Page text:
Knooking Entrelac

I did a google search for knooking entrelac and I got no hits. So, I decided to try to figure it out for myself.

Essentially, knitting entrelac is just making a series of rectangles, one at a time. One row of rectangles leans to the left and the next row leans to the right. It looks like a diagonal basket weave. It’s quite simple and fun to do.

When making it with two needles, you make your rectangles and slide them over onto one of the needles to wait, while you make the next one. I couldn’t figure out how to do this with the knook, because one is left with live stitches that need to be held until the next row of rectangles is made. And since our second “needle” is already in use, I didn’t know how to get it to work while still being able to work back and forth.

What I decided to do was use little pieces of ribbon to hold the live stitches on the waiting rectangles. This frees up my knooking cord for making the next row of rectangles.

Following this wonderful entrelac tutorial I made this:

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Initial triangles:

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First rectangle:

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First row of rectangles done:

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Working on the second row of rectangles:

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I completed three rows of rectangles and then finished off.

This was an 8-stitch entrelac pattern, so it didn’t take very long cords to do. I found that I was cutting my small “holding” strips of ribbon (for the stitches that were waiting) a bit too short. As I was working those stitches, the ribbon would sometimes slip out of the stitches. Thankfully, this was Red Heart Super Saver yarn, so it was fairly grabby and I was able to get a locking stitch marker into them to keep them from laddering down.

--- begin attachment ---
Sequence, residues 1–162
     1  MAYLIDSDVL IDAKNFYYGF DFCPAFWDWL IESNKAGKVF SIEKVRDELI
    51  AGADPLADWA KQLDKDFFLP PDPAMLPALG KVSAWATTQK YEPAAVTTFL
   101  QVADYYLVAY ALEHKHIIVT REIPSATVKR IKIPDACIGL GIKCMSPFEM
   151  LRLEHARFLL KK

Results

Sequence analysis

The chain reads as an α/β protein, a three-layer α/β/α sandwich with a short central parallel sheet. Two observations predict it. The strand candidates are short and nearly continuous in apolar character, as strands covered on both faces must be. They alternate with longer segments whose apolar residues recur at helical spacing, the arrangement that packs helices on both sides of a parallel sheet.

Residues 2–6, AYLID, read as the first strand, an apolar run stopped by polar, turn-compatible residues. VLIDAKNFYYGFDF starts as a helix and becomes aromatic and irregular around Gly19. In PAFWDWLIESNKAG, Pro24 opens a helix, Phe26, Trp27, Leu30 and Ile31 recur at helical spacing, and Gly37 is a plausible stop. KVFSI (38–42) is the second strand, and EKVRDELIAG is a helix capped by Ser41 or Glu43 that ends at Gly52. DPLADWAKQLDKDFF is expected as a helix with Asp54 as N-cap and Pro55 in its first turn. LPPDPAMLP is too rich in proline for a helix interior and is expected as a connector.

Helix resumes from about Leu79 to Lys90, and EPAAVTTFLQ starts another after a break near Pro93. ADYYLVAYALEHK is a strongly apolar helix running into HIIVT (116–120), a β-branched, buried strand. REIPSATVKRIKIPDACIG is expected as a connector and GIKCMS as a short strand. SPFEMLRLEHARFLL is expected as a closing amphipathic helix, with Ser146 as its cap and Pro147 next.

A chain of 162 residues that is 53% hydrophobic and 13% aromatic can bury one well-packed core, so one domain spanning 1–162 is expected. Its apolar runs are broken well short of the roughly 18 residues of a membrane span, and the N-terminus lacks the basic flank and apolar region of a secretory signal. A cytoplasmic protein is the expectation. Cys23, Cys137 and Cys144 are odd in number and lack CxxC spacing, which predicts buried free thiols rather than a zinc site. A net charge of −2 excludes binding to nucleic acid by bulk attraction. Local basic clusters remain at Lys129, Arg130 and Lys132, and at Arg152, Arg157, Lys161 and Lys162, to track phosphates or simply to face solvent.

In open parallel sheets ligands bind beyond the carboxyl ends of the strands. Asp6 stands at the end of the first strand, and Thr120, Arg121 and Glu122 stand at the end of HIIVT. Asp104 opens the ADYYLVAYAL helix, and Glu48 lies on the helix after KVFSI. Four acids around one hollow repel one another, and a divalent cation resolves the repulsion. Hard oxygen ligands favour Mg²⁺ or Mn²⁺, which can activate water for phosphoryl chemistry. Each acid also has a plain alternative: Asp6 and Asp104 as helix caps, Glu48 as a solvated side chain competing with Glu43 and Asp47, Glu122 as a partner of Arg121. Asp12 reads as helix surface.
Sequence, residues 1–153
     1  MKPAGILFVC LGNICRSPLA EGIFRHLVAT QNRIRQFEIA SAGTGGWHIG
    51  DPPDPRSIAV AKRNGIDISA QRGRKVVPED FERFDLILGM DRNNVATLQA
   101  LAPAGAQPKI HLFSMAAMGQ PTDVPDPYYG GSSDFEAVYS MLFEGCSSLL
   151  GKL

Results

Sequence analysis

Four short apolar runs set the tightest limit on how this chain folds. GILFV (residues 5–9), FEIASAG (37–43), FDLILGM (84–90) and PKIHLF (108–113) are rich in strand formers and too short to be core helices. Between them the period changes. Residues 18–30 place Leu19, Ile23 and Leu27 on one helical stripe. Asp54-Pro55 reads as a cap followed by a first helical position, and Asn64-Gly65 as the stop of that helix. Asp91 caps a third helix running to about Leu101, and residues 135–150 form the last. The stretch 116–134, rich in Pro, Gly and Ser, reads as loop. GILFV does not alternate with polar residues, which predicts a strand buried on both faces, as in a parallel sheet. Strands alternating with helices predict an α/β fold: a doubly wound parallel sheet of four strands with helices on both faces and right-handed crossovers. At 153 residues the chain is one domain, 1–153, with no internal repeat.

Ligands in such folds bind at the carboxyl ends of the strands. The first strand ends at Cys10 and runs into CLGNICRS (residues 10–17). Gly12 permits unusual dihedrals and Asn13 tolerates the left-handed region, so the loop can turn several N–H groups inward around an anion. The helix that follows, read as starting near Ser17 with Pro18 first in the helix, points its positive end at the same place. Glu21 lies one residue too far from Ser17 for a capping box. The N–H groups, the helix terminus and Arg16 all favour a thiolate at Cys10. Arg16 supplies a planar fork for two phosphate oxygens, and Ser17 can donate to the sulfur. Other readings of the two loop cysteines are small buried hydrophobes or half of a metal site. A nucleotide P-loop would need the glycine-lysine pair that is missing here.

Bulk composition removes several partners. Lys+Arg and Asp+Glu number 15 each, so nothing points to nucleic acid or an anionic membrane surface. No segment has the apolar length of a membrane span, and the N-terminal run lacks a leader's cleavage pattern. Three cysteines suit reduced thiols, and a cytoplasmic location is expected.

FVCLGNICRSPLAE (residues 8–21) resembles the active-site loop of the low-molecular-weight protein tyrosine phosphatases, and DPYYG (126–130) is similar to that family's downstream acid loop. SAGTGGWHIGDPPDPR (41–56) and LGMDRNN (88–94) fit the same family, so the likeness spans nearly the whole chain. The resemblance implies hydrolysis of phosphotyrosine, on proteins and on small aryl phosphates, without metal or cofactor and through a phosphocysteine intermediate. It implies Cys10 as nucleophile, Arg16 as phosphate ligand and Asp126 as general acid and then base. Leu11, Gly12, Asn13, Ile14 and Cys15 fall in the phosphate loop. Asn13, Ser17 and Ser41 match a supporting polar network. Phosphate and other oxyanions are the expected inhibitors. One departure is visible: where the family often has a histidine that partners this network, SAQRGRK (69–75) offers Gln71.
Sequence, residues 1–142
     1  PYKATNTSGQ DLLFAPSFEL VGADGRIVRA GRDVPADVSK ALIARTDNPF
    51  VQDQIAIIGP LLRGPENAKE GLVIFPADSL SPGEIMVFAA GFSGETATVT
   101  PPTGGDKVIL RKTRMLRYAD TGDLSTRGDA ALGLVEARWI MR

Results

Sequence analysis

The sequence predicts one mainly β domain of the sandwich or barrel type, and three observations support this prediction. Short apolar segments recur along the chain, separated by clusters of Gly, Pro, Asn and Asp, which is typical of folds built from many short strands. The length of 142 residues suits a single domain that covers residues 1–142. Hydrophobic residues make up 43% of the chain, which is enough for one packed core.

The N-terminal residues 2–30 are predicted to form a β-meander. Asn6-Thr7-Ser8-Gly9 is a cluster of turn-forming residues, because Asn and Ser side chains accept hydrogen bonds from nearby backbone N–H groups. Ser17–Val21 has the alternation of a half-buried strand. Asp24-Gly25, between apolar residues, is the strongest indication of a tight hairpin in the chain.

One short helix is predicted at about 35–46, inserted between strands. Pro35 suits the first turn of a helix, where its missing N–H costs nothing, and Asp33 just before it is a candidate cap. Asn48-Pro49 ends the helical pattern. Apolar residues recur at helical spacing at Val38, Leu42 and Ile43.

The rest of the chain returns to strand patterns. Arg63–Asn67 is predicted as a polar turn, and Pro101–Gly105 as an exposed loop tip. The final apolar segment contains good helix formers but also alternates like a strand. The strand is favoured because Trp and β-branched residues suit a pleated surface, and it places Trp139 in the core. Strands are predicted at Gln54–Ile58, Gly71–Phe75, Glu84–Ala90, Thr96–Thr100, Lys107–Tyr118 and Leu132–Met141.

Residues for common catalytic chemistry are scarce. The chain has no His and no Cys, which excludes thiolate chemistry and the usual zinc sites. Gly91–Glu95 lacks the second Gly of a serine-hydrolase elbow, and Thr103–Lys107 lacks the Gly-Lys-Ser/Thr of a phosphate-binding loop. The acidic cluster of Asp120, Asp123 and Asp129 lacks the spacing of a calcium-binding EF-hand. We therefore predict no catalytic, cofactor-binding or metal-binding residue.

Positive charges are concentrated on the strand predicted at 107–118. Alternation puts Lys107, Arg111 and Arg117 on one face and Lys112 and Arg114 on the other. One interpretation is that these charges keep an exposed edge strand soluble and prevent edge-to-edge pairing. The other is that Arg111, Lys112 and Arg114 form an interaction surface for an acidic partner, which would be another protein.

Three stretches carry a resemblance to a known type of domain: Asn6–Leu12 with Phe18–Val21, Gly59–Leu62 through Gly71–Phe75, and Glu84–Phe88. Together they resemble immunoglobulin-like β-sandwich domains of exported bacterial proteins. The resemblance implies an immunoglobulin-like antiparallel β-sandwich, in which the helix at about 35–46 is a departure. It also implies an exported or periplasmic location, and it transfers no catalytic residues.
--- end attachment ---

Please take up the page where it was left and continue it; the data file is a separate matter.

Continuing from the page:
When I finished a rectangle, I would take the little piece of ribbon out of the one below (that I just finished picking up the stitches on) and reuse the ribbon. So, it didn’t take very many pieces of ribbon.

Also, because you are working back and forth (almost like short rows) the knook cord doesn’t have to be very long either.

And that’s it!

I know this post is brief, but I just wanted to let you know that, YES! Knooking entrelac really is possible! And hopefully this little bit of instruction will help you be able to do this fun stitch, too!

As always, if you have any questions or need some clarification, please feel free to contact me. I’m happy to help.

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4 thoughts on “Knooking Entrelac

  1. I had to google knooking after seeing this and I’m glad I did! I heard about it a couple of years ago but it didn’t really have a name that was well known so was impossible to find anything about it, not I can find hooks and all sorts 😀

    I love your entrelac effort too, it’s something I’m dying to do. Is there any way of estimating how big a piece will be or is it trial and error and lots of test squares?

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    • I think you’re really going to have to swatch it out, I’m afraid. If you look at some patterns, you could probably get a good idea of how big something will be. But, of course, it depends on your gauge.

      Thank you! Entrelac is deceptively simple to do. I do suggest that you give it a try. 🙂

      The knook really is a much better knitting tool for me. I’ve got the crochet muscle memory and the knook works well with that.

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  2. And it would be really hard to guesstimate, too, because the stitches are going diagonally. I really do think that even a small swatch would save some heartache; particularly if gauge is important.

    And really, the size is dependent on the width of your rectangles. In my test swatch, it is a width of 8 stitches. But really, you could make them any width you want. Of course, your CO determines the width of the project. You can make it as tall as you want, from there.

    I bought special knooks. However, the gal that I got most of mine from actually made them from crochet hooks. All you need to be able to do is drill a small hole into the end, to fit the cord.

    You could look her up on etsy. Her name is earthnut. I know she had stopped making them indefinitely, due to her day job. But, hers were metal and she had sizes all the way down for socks. I bought an entire set.

    If you’re on ravelry, check out the knooking group there. 🙂

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